Colin Kaepernick, the American football quarterback currently without a club, is showing no signs of letting President Donald Trump halt his campaign to make the world a better place after he donated $50,000 twice to two different charities.
President Trump used a campaign-style rally in Louisville, Kentucky, to take another swipe at Kaepernick on Monday, having previously criticised him for his decision to kneel during the American national anthem in protest of police treatment against minority groups.
But even though President Trump has presented a federal budget that will de-fund charity initiatives that attempt to help the less fortunate, Kaepernick is not going to lie down easily. The former San Francisco 49ers quarterback recently made two donations of $50,000 each to the Meals on Wheels America initiative, and the Love Army for Somalia campaign, which is attempting to use social media to raise $2m for food and water to help sufferers of the famine in the African country.
Using the hashtag #TurkishAirlines4Somalia – due to the fact that Turkish Airlines are the only airline that flies to Somalia – celebrities have been posting videos online to try and raise awareness of the initiative, which will see a Turkish Airlines plane filled with aid fly to Africa to try and help with the famine.
Actor Ben Stiller and DJ Calvin Harris are among those that have helped, with donations already exceeding the $2m goal with five days still to go, and Kaepernick has also helped out by donating $50,000.
Kaepernick’s gesture is all the more amazing given he currently doesn’t have a job, with the quarterback being released by the San Francisco 49ers at the end of last season after five years with the franchise.
The 2011 second round draft pick has a website set-up called Kaepernick7.com that is keeping track of his donations as part of the Million Dollar Pledge, a campaign started by the man himself to donate to the less fortunate.
“I will donate one million dollars plus all the proceeds of my jersey sales from the 2016 season to organisations working in oppressed communities, 100k a month for 10 months,” Kaepernick says on the site.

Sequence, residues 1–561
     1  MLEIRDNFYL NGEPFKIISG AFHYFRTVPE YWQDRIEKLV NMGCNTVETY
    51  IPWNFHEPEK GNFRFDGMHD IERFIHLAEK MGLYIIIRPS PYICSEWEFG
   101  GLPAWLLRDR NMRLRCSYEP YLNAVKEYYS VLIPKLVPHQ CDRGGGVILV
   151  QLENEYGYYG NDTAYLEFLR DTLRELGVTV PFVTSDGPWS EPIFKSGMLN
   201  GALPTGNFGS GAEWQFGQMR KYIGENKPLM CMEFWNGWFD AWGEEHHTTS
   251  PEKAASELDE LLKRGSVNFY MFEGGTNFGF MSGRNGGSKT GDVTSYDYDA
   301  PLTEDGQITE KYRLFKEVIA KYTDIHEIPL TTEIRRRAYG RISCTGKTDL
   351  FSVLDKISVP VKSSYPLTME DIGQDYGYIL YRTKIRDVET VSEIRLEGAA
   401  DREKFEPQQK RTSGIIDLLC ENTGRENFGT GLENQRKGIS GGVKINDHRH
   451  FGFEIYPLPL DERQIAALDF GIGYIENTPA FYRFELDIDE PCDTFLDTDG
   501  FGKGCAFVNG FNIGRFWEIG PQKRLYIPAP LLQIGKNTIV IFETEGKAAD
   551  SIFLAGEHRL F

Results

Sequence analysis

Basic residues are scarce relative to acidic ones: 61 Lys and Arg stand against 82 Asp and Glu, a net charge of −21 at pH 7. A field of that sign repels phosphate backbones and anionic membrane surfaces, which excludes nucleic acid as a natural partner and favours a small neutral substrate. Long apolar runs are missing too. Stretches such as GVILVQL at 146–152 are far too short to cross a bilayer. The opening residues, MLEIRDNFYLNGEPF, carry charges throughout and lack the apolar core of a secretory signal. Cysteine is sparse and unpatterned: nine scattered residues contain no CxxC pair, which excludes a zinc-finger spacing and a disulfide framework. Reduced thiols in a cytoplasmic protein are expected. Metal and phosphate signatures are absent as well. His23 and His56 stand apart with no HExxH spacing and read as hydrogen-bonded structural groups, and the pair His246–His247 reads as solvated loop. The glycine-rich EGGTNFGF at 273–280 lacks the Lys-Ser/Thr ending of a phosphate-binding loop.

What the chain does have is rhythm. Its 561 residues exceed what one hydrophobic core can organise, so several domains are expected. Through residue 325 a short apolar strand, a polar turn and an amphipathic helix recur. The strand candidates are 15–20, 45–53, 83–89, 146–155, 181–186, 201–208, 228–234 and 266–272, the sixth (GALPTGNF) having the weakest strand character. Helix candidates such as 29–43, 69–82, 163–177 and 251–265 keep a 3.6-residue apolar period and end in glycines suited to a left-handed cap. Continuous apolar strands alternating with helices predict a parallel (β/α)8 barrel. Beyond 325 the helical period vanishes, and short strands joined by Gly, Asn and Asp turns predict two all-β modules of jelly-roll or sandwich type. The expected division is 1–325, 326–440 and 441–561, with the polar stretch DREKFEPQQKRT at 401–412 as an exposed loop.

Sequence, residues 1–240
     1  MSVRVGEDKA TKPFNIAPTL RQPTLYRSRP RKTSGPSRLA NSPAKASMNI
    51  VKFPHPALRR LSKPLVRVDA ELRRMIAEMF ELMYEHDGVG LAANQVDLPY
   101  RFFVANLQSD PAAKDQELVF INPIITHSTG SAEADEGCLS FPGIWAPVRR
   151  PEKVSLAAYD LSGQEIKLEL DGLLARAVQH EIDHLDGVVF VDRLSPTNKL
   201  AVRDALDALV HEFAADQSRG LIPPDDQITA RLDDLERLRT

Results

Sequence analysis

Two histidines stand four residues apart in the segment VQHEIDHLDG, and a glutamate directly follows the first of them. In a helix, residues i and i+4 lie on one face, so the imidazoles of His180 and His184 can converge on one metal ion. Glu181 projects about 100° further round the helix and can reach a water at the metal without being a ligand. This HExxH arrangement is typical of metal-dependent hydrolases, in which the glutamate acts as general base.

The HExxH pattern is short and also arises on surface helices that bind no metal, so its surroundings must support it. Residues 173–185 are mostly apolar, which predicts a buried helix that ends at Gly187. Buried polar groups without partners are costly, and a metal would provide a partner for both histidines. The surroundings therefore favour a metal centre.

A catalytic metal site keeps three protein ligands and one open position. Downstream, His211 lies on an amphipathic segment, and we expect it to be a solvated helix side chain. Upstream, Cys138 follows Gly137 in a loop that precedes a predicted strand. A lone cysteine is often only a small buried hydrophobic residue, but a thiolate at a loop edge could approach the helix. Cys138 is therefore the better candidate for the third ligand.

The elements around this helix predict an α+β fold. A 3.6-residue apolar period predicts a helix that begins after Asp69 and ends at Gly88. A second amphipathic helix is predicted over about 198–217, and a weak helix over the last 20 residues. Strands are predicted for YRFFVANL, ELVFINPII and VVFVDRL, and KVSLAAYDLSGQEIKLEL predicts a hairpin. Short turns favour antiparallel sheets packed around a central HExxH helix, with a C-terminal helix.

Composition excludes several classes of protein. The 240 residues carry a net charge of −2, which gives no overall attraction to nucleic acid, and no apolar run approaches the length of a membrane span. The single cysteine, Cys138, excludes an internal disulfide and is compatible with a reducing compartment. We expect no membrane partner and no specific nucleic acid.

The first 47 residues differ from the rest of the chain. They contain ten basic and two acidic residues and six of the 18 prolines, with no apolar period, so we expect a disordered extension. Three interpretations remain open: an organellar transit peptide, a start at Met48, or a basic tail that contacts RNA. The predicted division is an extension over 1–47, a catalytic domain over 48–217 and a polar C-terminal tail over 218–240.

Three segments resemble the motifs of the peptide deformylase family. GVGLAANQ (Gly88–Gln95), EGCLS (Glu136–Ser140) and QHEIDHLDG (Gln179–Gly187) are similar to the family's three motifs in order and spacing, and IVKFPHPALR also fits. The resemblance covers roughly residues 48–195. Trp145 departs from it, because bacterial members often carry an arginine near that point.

Kaepernick’s last two donations registered on his website – posted in January – were $25,000 to the Centre for Reproductive Rights, and $25,000 to the Coalition for Human Immigrant Rights of Los Angeles, and he has given away $400,000 a month since October despite losing his job in the NFL.
I said if I remember that one I’m going to report it to the people of Kentucky. Because they like it when people actually stand for the American flag
Despite his generosity, Kaepernick was criticised last season for his protest of kneeling before games while the national anthem was played. However, the 29-year-old was also defended for expressing the right to free speech and was also joined by a number of black NFL players who agreed with his stance.
Kaepernick has confirmed that he will not continue with his protest next season – should he join a new club as is expected – but that has not stopped President Trump from criticising him during a speech on Monday.
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After claiming that he read an article in which it said that NFL owners are wary of signing Kaepernick "because they don't want to get a nasty tweet from Donald Trump", the President laughed off the report, much to the delight of an enthusiastic crowd.
“I’m sure nobody ever heard of him,” President Trump said. “I’m just reporting the news. There was an article today — I love to report the news and then they said I made a mistake, right? I said, ‘No, the people reporting the news made a mistake if it’s wrong.’
“But there was an article today, it was reported that NFL owners don’t want to pick him up because they don’t want to get a nasty tweet from Donald Trump. Do you believe that? I just saw that. I just saw that. I said if I remember that one I’m going to report it to the people of Kentucky. Because they like it when people actually stand for the American flag.”
The swipe came in response to an article by Mike Freeman of Bleacher Report, who spoke to an unnamed AFC General Manager who expressed concerns that “some teams…think there might be protests or [President Donald] Trump will tweet about the team”.Reuse content